The Australian Dairy Products Federation has today moved to provide an understanding of the current operating environment for dairy processors as the new (FY2025) season approaches, saying the high cost of raw milk is unsustainable without a change in market conditions.
Australian dairy industry unsustainable if not globally competitive

The Australian Dairy Products Federation has today moved to provide an understanding of the current operating environment for dairy processors as the new (FY2025) season approaches, saying the high cost of raw milk is unsustainable without a change in market conditions.

ADPF Chief Executive Officer Janine Waller said processors welcomed robust discussion about farmgate milk prices in the lead up to June 1, but it was important to understand the facts about the variables that impact raw milk prices and the dynamic domestic and global market conditions at play.

“The Australian dairy industry will not be sustainable unless it remains globally competitive across the entire supply chain,” Ms Waller said.

“Seventy-one per cent, or more than 6 billion litres, of Australia’s total milk production is directly trade exposed to global commodity markets and exchange rates. This means our dairy products must compete with imports into Australia and exports around the world.

“However, in Australia there continues to be a disconnect between global commodity prices and farmgate milk prices.”

The spot Commodity Milk Value (CMV) – which is an important forward price milk indicator – is sitting at about $7.30 per kilogram of milk solids. This is about 30 per cent or $2.00 below the current weighted average Australian southern region farmgate milk price of $9.40 per kilogram of milk solids.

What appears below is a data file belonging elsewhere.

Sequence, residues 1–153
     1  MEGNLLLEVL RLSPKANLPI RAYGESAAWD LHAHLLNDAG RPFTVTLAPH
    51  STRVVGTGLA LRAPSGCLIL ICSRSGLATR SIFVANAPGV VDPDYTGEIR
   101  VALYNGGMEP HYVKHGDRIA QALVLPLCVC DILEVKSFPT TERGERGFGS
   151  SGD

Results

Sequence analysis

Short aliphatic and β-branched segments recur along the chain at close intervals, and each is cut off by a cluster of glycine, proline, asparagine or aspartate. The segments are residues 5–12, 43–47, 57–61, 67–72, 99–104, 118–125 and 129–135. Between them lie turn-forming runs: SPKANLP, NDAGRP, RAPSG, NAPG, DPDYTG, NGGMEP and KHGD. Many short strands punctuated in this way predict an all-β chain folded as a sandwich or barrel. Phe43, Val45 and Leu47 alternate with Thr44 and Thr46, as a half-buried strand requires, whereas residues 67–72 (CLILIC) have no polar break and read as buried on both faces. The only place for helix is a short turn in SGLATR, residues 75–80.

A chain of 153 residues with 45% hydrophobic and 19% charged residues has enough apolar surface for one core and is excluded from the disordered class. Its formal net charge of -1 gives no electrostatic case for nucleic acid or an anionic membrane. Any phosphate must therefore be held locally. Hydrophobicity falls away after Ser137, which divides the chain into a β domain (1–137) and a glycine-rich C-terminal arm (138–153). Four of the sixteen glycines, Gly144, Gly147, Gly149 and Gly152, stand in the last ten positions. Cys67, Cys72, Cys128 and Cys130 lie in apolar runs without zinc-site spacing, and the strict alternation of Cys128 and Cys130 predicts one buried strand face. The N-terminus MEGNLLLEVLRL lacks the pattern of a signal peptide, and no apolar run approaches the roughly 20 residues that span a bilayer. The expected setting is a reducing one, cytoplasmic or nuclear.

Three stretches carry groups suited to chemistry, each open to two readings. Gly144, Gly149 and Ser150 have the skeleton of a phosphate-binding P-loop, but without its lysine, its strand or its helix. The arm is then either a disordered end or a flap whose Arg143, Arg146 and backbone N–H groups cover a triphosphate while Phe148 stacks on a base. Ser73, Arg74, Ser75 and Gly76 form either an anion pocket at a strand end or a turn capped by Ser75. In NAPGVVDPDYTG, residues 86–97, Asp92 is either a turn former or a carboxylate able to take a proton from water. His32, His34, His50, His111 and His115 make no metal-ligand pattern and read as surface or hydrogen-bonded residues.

Over the 12 months to March 2024 spot prices of major commodities – including cheese, skim milk powder and whole milk powder have all dropped.

“The most important of these to note is cheese, which has dropped by a massive 29 per cent,” she said.

“This is important because Australian dairy processors manufacture more than 400,000 tonnes of cheese annually.

“So, cheese – the largest utiliser of Australia’s milk – has dropped by US $1800 per tonne, while the cost of production continues to rise.”

In addition, the volume of dairy imports into Australia is impacting the competitiveness of locally produced dairy products. More than 2 billion litres of milk equivalents entered the market this year, up 17 per cent from the year prior.

“The reality is Australian consumers have accepted imported dairy products, and retailers and food service outlets are interchanging Australian cheese and butter with cheaper imported products at their discretion,” Ms Waller said.

At the same time, low milk supply and price competitiveness has caused Australian dairy exports to drop by about 17 per cent or 2.4 billion litres of milk equivalents – and this continues to decline.

At the start of the FY2024 season, there was a $3.00 or 30 per cent differential in the farmgate milk price between Australian and New Zealand, and this continues to be more than 20 per cent or $2.00.

Ms Waller said in the past 18 months 11 dairy processing businesses have publicly announced a closure.

“Paying a price for raw milk that is higher than the value that can be derived from a manufactured dairy product is not sustainable long-term,” she said.

“Exits from the industry and reductions in processing footprints to better match supply are necessary to ensure dairy processors can continue to operate.

“They’re doing all they can to keep their doors open, protect jobs, farmers and continue contributing to regional communities throughout Australia.

“Our goal is to secure a strong, vibrant Australian dairy industry and to keep dairy manufacturing local.”

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